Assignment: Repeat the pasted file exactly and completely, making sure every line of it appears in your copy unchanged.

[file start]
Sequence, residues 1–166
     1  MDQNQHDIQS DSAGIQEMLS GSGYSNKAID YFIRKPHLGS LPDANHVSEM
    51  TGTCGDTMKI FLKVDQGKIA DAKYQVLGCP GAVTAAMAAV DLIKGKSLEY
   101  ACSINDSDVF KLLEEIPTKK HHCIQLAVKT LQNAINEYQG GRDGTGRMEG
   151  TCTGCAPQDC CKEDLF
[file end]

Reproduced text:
Sequence, residues 1–166
     1  MDQNQHDIQS DSAGIQEMLS GSGYSNKAID YFIRKPHLGS LPDANHVSEM
    51  TGTCGDTMKI FLKVDQGKIA DAKYQVLGCP GAVTAAMAAV DLIKGKSLEY
   101  ACSINDSDVF KLLEEIPTKK HHCIQLAVKT LQNAINEYQG GRDGTGRMEG
   151  TCTGCAPQDC CKEDLF